[jwcurry's Room 302 Books table]
‘Tis the season of small press fairs, it would seem [see my first post on our 25th anniversary fair here; my fourth post on the Meet the Presses Indie Literary Market here; my posts on the Toronto International Festival of Authors’ Small Press Market here]. And you saw my recent post on who came to our first fairway back in October, 1994, yes?
Ottawa ON: I’m charmed by the array of small mini-chapbooks that Dessa Bayrock produces through her post ghost press, with some of her most recent offerings including the wishing well: a suite of found poems (2019) by Rose Hunter, brilliant blooming voices (2019) by mj santiago, Monster (Girl) Theory (2019) by Kanika Lawton, and Blessing (2019) by Victoria Nugent (and did you see they now also have poetry socks?). Producing more chapbooks over the course of a year than most, post ghost press focuses, it would seem, pretty heavily (but not exclusively) upon emerging authors (which is often the case with such enterprises; working to support and produce writing and writers not necessarily being supported otherwise). There is an energy to these small publications that is quite charming, from the DIY cut-up design to the confidence that only comes through from emerging authors. As Kanika Lawton writes in her small chapbook/sequence:
I am good enough to bring to your mother’s house.
I will eat from her china plates and wipe off the crumbs.
I will be the perfect false-daughter.
I am bad enough to show to your friends.
Don’t act so shocked. You know I only look innocent.
I promise I’ll only break your neck with my teeth.
Some of the strongest poems of this assemblage comes from mj santiago; for example, “Anything that emerges from my body / becomes my responsibility / the moment it is visible,” is just stellar. One can see the emergence of something working its way up to some very fine sharpness:
my mom says, this is how we die
For the fourth night in a row
I vomit overcooked meat onto the floor.
It does not slip out easily while I sleep
but is hacked out onto the tile
surrounded by my history made tangible
Through the lining of my esophagus.
Anything that emerges from my body
becomes my responsibility
the moment it is visible.
I dream all of the ways
I will clean up after fate.
Ottawa ON: I’ve been very impressed with the quality and attention of the literary and community work that Canthius journal has been doing over the past few years, whether in print, online (such as Manahil Bandukwala’s recent interview with Baseline Press editor/publisher Karen Schindler) or as part of one of their expansive multi-city launch parties. Managing editor/founder Claire Farley, with a recently-shifted assemblage of writers and editors in the editorial collective, have been working on their semi-annual “feminism and literary arts” journal long enough, now, to have released their seventh issue, featuring the work of Pearl Pirie, Sanna Wani, Jade Wallace, Terese Pierre, Kirby, M. Brett Gaffney, Annick MacAskill, Melanie Power, Kari Teicher, Sanchari Sur, Margaret Christakos, Émilie Kneifel, Karen Schindler, Jane Shi, Barâa Arar, Allie Duff, Natalia Orasani and Jesse Holth, as well as artwork by (and accompanying interview with) Rowan Red Sky. While I am familiar with more than half the names here, I am intrigued to be introduced to the luscious and powerful prose of Émilie Kneifel, such as the second half of the poem “Sharing Again,” that reads:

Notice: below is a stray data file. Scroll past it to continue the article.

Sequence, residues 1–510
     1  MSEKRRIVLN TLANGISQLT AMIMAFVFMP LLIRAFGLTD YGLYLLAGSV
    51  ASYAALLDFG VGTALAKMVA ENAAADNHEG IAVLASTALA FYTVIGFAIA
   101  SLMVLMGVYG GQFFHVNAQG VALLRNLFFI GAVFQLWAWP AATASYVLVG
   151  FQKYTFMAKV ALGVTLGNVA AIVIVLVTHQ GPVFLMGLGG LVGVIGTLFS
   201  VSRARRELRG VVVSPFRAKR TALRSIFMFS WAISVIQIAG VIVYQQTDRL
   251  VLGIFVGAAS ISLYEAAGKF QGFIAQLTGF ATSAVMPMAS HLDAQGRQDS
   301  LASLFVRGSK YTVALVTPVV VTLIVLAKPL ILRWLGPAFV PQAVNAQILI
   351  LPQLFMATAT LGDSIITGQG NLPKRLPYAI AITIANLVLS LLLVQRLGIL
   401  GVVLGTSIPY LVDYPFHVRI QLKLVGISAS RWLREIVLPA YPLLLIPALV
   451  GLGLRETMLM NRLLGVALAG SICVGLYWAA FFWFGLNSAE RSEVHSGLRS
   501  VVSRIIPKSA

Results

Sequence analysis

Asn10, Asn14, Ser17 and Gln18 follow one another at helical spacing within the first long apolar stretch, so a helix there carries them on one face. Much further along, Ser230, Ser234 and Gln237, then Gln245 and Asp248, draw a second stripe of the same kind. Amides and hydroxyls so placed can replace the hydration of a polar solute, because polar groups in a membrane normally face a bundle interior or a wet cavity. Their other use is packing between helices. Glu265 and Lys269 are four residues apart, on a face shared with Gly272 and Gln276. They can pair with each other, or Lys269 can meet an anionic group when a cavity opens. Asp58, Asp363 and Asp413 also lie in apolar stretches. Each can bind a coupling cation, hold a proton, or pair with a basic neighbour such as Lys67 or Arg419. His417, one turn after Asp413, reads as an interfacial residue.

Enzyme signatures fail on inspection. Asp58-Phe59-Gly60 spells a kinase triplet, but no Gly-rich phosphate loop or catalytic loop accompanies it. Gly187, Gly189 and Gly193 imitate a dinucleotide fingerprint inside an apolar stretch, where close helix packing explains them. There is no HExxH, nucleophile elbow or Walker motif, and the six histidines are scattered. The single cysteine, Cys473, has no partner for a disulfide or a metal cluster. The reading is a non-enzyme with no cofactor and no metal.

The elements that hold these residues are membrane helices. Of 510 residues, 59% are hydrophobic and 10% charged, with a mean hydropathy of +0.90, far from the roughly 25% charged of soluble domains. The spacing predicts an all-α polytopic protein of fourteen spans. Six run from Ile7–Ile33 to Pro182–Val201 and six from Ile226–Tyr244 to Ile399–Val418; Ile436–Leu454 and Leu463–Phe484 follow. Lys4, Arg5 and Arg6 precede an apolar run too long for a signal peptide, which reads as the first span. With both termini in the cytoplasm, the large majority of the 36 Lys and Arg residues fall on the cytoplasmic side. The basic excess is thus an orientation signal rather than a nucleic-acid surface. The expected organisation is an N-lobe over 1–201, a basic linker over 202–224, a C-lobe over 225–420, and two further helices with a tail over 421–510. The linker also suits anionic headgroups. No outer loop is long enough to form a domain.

hanging silence, not even bye. you sit on his bed which holds in a breath. it collapses toward you; it tumbles him down. he of the drowsy hands, dulled-out reaching, pulls you to the peak of him. he clasps your head with the whole of his hand, your hair his veil, rumbling like a rock bed because you unleashed your old braids. he says i’m sorry like he always does like he always sleeps closest to the ground. which is its own kind of pattern. you nod, nod, nod. the dog tucks into the statue that still isn’t yours and you saddle your hand on him because he is just good. pungent as colour. your dad thumbs your steep face. arcs the crag of your nose. like a worry stone. says. “my pounpoun” (your oldest nickname. butchered french) “always so joyful on the outside, always so— thoughtful. on the inside.” he rustles your hair as your head accrues all the room’s static. “so many thoughts.” so he can see the roiling. “i wish i knew what they were” is what he mouths as you think it.
Part of the appeal of Canthius, apart from simply being a journal of some strong writing, is akin to what I mentioned in my notes on post ghost press: their continuing engagement with the work of emerging writers, and there are an enormous amount of writers from across Canada (and, occasionally, beyond) coming up that Canthius has been publishing and championing. The strength of Canthius comes from their ability to provide space for an array of literary voices, moving from the performance lyric to short bursts of prose to the boundaries of language poetry, holding their interest across a range of narratives and narrative lines, as Kari Teicher writes to open her poem “i told raw. –”:
he asks me for a story.
I can tell him anything, new or old
with Easter candy, we lie naked
and I tell him about the first grade
when Miss Moss sent me
to the principal,
made me show how I twisted
my shirt around, made my
how to explain
Shania Twain is your idol.
Keep in mind, also, that this is one of the journals affected by Doug Ford’s government deciding to cut a section of funding to the Ontario Arts Council, which left Canthius without necessary funds to continue publishing, so I will suggest that, yes, you should totally subscribe.